The Oscars Live Action Short category is often a key to future riches and success. Look at Nick Park’s hugely popular WALLACE AND GROMIT shorts, which put Aardmann Animation on the map and led to commercial and critical successes like CHICKEN RUN, EARLY MAN and FLUSHED AWAY amongst others.

The only comedy in the shortlist for 2019, CHUCHOTAGE focuses on the seemingly unseen but very important world of the conference interpreter, in this case a pair of Hungarian linguists who are aware that their endeavours are being heard by only one person. However, upon scrutinising the room they are in, they focus on one lady – and before long their desire to make a romantic and sexual connection leads them to compete for the mic – and her attention.

Film and TV Now had the pleasure of speaking with the director of the film, Barnabás Toth, a graduate of The Film and TV Academy of Budapast who has worked extensively in local Short Film content and has also directed several of the native TV shows.

The production company behind CHUCHOTAGE is The Laokoon Filmgroup, led by producers Gabor Sipos, Gabor Rajna and Judit Stalter. It’s a market leader film production company in Hungary, mostly known for their ground-breaking holocaust-drama of 2015, Son of Saul that won most of the awards of the world – including the Academy Award for Best Foreign Language Film, a Golden Globe, the Grand Prix of Cannes and ca. 40 further awards – and is sold over 98 territories.

FILM AND TV NOW: The short gives us an insight into the world of people who are, in essence, invisible at times to the world and serve a supporting role. What was the key catalyst to developing this script?

BARNABÁS TOTH: I did this conference-interpreting job once in my life and it was a nightmare. Fortunately only a gentleman from Luxembourg was listening to my French channel. At the end of the day I excused myself, I was so poor in this job. It was 20 years ago but last year when I saw a call for a short film script contest, I entered with this idea and won a small budget to produce it with Laokoon Filmgroup.

FTVN: What’s impressive about the film is the simplicity of the concept. Is this something you use a lot in your creative ideas, given that audiences today look for more complexity in their entertainment.

BT: I cannot write about things that are too complex, and I cannot read them either – not even in scripted phase. I don’t follow any TV series because they just don’t grab my attention and after each first 1-2 episodes I realize I don’t care about the characters or their problems. So yes, I think from this point of view my works and myself are all quite simple.

FTVN: The film explores the nature of sexual attraction and misinterpretation, without resorting to explicit imagery. Is this a theme you like to explore in your films?

BT: Some, but not in all of my films. I like romantic stories and I’m obviously attracted to beautiful women so I think I still have to work on traumas from my teenager years. I have all kind of love stories in my drawer, and yes, some of them are more explicit then Chuchotage or my previous ones.

FTVN: How did you put together the package for the film?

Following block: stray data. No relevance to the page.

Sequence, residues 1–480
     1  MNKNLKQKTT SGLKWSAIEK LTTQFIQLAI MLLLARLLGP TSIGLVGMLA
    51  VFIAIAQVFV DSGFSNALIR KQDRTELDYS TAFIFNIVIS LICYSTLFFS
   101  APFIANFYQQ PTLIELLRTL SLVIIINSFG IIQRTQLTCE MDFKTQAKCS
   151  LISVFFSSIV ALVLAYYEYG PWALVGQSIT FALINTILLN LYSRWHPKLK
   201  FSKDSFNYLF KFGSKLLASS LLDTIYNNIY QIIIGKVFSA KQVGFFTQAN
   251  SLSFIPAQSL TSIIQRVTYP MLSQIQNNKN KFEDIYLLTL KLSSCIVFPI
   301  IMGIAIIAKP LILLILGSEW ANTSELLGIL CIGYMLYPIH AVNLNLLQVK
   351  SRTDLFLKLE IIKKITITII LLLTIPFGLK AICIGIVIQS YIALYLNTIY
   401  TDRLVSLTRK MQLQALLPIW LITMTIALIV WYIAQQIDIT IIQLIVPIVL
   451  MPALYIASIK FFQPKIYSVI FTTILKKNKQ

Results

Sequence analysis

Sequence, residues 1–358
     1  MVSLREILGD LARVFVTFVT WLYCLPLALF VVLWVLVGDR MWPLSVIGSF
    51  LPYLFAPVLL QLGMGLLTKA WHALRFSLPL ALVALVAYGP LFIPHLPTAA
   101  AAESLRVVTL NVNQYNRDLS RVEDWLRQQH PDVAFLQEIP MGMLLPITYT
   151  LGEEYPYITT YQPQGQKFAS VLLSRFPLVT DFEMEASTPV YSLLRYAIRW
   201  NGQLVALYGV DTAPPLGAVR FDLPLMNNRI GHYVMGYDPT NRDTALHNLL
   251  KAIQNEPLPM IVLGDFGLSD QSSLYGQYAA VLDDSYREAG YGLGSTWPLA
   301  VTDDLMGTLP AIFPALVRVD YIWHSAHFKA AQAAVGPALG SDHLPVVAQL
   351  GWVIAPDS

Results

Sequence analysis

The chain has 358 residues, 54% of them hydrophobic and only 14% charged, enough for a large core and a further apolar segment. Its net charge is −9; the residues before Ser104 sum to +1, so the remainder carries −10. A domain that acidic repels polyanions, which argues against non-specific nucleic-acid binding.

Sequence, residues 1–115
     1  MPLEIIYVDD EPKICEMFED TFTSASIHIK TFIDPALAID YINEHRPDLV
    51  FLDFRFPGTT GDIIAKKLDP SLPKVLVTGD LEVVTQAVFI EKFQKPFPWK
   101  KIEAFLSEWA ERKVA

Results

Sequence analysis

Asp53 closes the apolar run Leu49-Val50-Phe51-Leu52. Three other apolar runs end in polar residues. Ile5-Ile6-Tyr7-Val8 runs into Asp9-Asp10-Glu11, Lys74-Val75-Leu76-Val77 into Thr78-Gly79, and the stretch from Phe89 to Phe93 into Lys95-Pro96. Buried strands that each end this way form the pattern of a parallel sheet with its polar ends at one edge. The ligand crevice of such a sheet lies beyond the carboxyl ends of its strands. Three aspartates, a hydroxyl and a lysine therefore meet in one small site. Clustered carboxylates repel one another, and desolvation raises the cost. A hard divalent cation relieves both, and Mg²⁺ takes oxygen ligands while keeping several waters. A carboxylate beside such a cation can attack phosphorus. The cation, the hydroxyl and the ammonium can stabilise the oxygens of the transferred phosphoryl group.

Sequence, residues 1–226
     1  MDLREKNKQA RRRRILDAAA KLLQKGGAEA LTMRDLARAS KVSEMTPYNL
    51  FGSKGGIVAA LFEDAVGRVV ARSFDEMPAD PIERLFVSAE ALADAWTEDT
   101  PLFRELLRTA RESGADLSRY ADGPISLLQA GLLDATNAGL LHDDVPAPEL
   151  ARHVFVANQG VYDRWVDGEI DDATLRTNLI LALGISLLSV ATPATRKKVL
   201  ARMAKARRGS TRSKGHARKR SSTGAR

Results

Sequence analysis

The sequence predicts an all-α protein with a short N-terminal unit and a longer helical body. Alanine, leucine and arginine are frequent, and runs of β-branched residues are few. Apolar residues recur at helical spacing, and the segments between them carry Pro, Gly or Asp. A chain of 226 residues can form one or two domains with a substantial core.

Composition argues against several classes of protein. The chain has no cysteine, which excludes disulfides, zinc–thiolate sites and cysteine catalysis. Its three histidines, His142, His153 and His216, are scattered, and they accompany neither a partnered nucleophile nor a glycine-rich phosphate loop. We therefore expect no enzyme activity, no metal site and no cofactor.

BT: First I won a script contest (10.000 dollars), then I found a sponsor (15.000 dollars) and there was the automatic state support in the shape of tax refund (10.000 dollars).

FTVN: Tell us a bit about your creative team and how many of these people worked on your previous work.

BT: Pál Göttinger, who plays the bearded interpreter is a friend from a theatre and he advised Géza Takács to be his partner on screen (he knew Géza before, I didn’t). For the female lead, Andrea Osvárt was a great choice because she is very pretty and her Italian is perfect. Although I didn’t work with DOP András Szőke Másik since my diploma film at school, he is a very longtime friend and creative partner. The composer, László Pirisi scored all my films since 2004. Finally, these five producers supported me with all my shorts since 2012 so I can tell it was like a big family. Only exception: Gyula Hegedűs as the editor: usually I edit my stuff myself.

FTVN: How long did it take to complete and where did you shoot the film?

BT: It took only 3 months – from idea to print copy. Principal photography took 2 days and the location is an old trade exhibition center in Budapest. In the 60s it served as a conference hall for top communist leaders of the block.

FTVN: You shot it with a mix of English, Hungarian and Italian languages. Is this something you would like to do in future and have you got any plans to shoot a film in English?

Yes, why not? English would mean a much broader audience worldwide. We all grew up on Hollywood, I think I’d be great with an English cast and crew. I have 2 different projects in English but all my ideas are easily adaptable for abroad.

FTVN: The film has been shortlisted for the Oscar Live Action Short. Where were you when you heard the news and will you be travelling to LA for the ceremony at the end of February?

BT: I was asleep. It was announced after midnight, Central Europe Time. I woke up at 4 am, checked my mobile phone and saw all the messages. And if the film gets a nomination, I will definitely be there! My wife too and hopefully some cast and crew, too. That’s an experience one should not miss – unless you’re Woody Allen.

FTVN: Finally, what are your plans after the Oscars? We understand you work in local television production as well as short film. What are your hopes for the film and who would you like to work with in future?

BT: I guess my life will go on as before. I don’t have illusions nor hopes, but I’m prepared. I have over 10 well developed film projects as well as a funny TV series too. I can’t wait to pitch some of them to a producer over a nice cup of coffee.